I won’t say it was easy. It wasn’t. I won’t even say it was fun. It certainly wasn’t at times. There was a point I had to put on my headphones and listen to some superhero music (not lying and not ashamed) to keep putting one foot in front of the other. My body hurt from the injection they gave me to stimulate white blood cell production. It feels very much like I have fallen down a cliff the day before. Everything just hurt

But I will say it was worth it.

When I was feeling my worst I started pulling up the people who have written to me to tell me how this blog has effected them. My purpose in writing here was to both work through my own feelings about this time in my life and to also be some small measure of comfort for others who have their own struggles going on. For me, it’s a place to meet to surrender our defenses and just be. And it seems to be working. So in those difficult moments, I thought about every brave heartache people have shared with me and I took another step forward for them. I carried a lot of hearts with me and was both inspired and moved by the faith and courage you all have sent me.

And, somehow, I finished.

I even jogged my way across the finish line! One of the reasons I love this race is because of the post-race atmosphere. All the runners hang out in hopes of winning one of 4 prize trips to Ireland. There is a DJ spinning music and it is a general party feel. It’s fantastic. People are happy, proud of the hard work they put in, and celebrating the first race of the season under their belts.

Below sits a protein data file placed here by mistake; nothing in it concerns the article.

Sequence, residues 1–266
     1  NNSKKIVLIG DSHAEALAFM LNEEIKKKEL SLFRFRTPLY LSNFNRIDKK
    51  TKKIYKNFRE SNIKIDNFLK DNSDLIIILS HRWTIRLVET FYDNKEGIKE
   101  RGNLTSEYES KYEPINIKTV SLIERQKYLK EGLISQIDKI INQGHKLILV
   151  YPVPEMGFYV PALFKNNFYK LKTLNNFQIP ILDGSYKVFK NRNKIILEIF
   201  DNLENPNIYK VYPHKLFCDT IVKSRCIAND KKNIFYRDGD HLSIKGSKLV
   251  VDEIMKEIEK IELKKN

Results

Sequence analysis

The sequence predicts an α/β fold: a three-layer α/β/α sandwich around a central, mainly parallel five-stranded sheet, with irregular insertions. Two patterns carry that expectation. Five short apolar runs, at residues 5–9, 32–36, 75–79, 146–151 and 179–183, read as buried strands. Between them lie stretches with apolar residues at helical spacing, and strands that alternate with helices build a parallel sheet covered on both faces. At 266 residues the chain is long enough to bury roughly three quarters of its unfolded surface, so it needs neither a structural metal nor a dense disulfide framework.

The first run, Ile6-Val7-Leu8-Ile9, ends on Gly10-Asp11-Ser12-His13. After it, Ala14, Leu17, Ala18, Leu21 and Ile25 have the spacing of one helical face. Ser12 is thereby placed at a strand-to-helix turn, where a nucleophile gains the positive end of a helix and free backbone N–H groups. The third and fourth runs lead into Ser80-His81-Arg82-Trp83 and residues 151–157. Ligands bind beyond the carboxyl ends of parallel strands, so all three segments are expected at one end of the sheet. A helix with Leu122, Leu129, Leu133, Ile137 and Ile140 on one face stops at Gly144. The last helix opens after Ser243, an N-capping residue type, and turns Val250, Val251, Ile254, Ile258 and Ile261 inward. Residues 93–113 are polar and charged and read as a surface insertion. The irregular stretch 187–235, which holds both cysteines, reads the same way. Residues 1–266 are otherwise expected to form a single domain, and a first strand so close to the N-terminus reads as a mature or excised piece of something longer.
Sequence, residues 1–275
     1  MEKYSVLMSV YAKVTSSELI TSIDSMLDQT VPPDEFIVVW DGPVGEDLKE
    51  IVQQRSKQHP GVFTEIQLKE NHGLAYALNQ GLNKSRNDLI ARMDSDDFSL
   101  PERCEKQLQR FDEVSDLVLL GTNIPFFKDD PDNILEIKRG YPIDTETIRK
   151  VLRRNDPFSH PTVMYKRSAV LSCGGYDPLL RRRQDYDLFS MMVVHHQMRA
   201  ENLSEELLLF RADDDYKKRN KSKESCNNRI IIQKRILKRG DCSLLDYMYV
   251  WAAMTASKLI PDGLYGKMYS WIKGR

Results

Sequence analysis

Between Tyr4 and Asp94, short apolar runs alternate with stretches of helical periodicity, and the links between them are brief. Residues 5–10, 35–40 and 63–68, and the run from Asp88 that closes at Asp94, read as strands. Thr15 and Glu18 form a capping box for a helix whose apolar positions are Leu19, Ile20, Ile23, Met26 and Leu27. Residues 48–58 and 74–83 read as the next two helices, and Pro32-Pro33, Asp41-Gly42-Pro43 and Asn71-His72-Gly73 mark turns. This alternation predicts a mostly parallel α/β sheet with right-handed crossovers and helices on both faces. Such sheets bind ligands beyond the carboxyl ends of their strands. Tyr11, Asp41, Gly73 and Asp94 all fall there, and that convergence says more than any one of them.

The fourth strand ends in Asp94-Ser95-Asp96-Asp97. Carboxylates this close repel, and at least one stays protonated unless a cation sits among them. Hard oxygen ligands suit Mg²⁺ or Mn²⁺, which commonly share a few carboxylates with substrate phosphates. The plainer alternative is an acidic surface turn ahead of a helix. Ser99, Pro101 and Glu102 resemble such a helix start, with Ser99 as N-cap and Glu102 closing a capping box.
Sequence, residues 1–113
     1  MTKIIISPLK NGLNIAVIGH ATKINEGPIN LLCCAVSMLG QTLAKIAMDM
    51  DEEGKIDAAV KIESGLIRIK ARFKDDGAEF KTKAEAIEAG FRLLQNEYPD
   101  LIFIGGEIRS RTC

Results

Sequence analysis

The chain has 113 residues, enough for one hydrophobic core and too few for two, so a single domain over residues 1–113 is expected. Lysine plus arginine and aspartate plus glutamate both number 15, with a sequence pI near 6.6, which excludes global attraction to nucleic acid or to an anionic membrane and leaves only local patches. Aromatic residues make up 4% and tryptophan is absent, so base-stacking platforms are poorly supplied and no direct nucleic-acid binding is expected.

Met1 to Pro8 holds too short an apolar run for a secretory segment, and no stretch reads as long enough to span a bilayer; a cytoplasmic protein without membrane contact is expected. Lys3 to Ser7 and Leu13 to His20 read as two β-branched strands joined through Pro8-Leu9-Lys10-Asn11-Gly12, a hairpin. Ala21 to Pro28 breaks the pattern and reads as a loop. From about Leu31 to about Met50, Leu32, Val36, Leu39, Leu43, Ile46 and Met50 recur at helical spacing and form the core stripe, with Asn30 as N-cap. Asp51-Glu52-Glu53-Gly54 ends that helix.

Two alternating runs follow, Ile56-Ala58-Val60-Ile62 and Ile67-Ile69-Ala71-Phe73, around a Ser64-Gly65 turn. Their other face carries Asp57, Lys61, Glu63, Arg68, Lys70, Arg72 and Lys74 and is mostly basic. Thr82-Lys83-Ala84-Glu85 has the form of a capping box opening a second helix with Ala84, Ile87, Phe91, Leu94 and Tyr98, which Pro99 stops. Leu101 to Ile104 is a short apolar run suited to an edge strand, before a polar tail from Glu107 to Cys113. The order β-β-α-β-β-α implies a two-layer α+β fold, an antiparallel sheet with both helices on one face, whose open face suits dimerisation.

One of my friends told the DJ about my story and that I had completed the race. The DJ then decided she wanted to share my accomplishment with the crowd. Right before the age group she called me up to the stage in front of hundreds of cheering spectators. They clapped and whooped and chanted my name. It was surreal. It was touching. It was one of the best moments of my life.

When people are in your corner, you feel like you can do anything. At this point, I’m starting to believe that I really can. I will not only beat cancer, I will come out better for it. From the cheering crowd in Bozeman to the Missoula crew that walked in solidarity with me, I am feeling so lifted up in confidence and gratitude. And I’m once again humbled by the realization that none of this would have been possible if I hadn’t exposed my vulnerability in this scary, uncertain time. I had to open the gates in order to let the love in. And the response has been overwhelming and life changing.

So that’s something to sit with. What happens when we let love in? Is it scary and sometimes painful to be so vulnerable? Of course. Is it worth it? 


Give em’ hell.






3 Comments Add yours

  1. Bernadette says:

    What a feat! Honored to know you, Katie!

    Liked by 1 person

  2. Lorraine Mazurek says:

    You are truly amazing and an inspiration to all those that are feeling weak, vulnerable, exposed, scared and have no hope…whatever it is. You give the world hope. Thank you!!!

    Liked by 1 person

  3. You are amazing! I am continually inspired by your strength and vulnerability. Keep fighting, the army behind you isn’t going anywhere!

    Liked by 1 person